Snapshots from Asia: Hong Kong’s Outdoor Fish Markets and the Asian Reverence for Fish
Fish is a big deal in Asia. The older generations can tell, at a taste, if the fish presented to them was wild caught or farm-raised. More remarkably, they can tell if the fish had been gaily swimming just prior to being cooked, or if it had been bottom-up for hours. This super palate can be quite the annoyance, especially when everyone else around the table is starving. A highly exacting uncle of mine has a reputation for sending fish that’s not screamingly fresh back to the kitchen with a caustic “Please, have some.” I love him dearly, but I make it a point of having a pre-meal meal before dining with him. My stomach has rumbled through one too many perfectly good fish being turned away at the table—for being just shy of screamingly fresh.
Having said that, I reckon Uncle would be quite content with the offerings at Hong Kong’s outdoor seafood markets. Entire streets are lined with vendors, and tubs upon tubs of live fish, shellfish, and even frogs. From geoduck with their elephant trunks, to prickly sea urchins, and alien-looking shellfish, the dazzling array would render even the most demanding of gourmets satisfied. Plus, competition among vendors is intense, guaranteeing you the best and freshest of the day’s catch.
The markets buzz with energy. Housewives haggle with vendors while poking at crabs with tongs, only selecting the ones that latch on in anger—because it is the feisty crab that tastes the sweetest. Next to the live tubs, fish that have given up the good fight are laid out on enameled metal plates and sold at a discount. Vendors stride around in slick galoshes, seeking to make eye contact with potential buyers as they shout out their wares and “Cheap, cheap!” prices.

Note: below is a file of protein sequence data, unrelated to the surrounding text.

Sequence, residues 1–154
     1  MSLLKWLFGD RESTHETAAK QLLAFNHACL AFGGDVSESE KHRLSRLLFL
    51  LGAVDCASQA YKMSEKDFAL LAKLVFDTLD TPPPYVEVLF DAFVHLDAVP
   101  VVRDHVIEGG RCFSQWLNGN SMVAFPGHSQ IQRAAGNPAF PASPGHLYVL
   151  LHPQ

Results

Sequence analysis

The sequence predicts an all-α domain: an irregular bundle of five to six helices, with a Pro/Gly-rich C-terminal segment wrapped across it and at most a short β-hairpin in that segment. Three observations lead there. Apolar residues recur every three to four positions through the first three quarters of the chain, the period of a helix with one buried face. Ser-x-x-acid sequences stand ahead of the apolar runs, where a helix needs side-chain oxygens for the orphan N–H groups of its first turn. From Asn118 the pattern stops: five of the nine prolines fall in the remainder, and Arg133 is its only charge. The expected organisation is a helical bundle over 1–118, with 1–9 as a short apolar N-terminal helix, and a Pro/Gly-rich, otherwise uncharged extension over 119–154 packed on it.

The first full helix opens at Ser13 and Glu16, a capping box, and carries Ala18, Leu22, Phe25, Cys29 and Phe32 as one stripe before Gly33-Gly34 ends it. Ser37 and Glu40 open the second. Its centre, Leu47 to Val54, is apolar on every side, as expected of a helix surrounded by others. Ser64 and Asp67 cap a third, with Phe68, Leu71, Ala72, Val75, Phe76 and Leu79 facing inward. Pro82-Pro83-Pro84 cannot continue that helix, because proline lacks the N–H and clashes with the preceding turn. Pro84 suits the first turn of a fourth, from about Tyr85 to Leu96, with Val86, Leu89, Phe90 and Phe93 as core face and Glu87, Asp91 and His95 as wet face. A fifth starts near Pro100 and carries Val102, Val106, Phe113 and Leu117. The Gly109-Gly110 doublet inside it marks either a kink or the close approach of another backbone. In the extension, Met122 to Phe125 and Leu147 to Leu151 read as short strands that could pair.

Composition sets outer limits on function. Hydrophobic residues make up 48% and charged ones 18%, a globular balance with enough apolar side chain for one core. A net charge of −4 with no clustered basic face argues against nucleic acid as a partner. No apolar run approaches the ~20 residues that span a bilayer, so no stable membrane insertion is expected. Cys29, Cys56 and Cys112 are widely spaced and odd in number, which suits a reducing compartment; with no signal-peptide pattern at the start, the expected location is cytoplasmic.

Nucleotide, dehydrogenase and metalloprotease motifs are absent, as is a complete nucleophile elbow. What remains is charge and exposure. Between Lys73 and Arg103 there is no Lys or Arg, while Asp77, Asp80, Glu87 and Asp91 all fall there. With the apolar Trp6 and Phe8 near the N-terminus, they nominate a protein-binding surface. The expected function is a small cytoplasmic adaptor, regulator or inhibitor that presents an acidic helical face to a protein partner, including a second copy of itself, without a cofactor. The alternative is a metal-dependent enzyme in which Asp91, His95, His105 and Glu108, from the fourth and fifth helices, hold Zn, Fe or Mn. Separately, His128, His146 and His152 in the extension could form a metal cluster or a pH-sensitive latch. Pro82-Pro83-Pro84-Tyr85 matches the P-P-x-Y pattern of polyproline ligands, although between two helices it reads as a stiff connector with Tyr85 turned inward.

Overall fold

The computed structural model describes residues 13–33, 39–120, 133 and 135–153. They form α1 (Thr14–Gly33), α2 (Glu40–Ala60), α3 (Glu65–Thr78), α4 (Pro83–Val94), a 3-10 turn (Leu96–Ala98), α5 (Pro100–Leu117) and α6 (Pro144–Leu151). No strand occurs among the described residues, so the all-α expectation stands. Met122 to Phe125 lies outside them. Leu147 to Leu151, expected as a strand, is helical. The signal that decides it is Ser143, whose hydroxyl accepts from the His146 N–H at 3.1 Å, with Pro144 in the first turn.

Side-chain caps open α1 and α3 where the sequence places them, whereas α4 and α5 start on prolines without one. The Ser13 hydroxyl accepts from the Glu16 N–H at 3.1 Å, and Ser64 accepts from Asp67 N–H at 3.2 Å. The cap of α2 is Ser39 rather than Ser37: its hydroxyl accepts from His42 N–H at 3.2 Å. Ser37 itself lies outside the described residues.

The streets are wet from being continually sluiced with water—once a buyer has selected a fish, the fishmonger gets to work scaling and cleaning, sending slippery entrails and shiny, rainbow-hued flecks swooshing down a central gutter. Unlike at a Western seafood counter, the fishmonger never decapitates the fish. The Chinese believe that everything in life needs to be accomplished with a beginning and an end (to have a “head” and a “tail”). Fish, therefore, need to be eaten in their entirety. Besides, if the fishmonger were to discard the head, what heartbreaking waste it would be! Who would want to miss out on the fish’s cheeks, with its tender, silken pouch of flesh, or sacrifice the sweet, unctuous fluid in the fish’s eyeball (the marine equivalent of extracting the gelatinous marrow from a roasted bone)?
This Asian reverence for fish is the reason why Chinese home cooks never batter and fry fresh fish. The Chinese view fried fish with great suspicion—the belief is that if the chef has to mask the fish in oil and flour, then it was probably enroute to the trash to begin with. Instead, fresh fish simply steamed is revered as one of the greatest expressions of culinary finesse. It’s the reason why fish in better Asian restaurants is always labeled “market price” (the good stuff is never frozen), and also why you’ll never catch an Asian person ordering fried fish!
About the author: Wan Yan Ling can usually be found in the kitchen procrastinating on "real work" or online tracking down obscure recipes. Ling thinks eating alone is no fun, and she still believes in hand-mixing.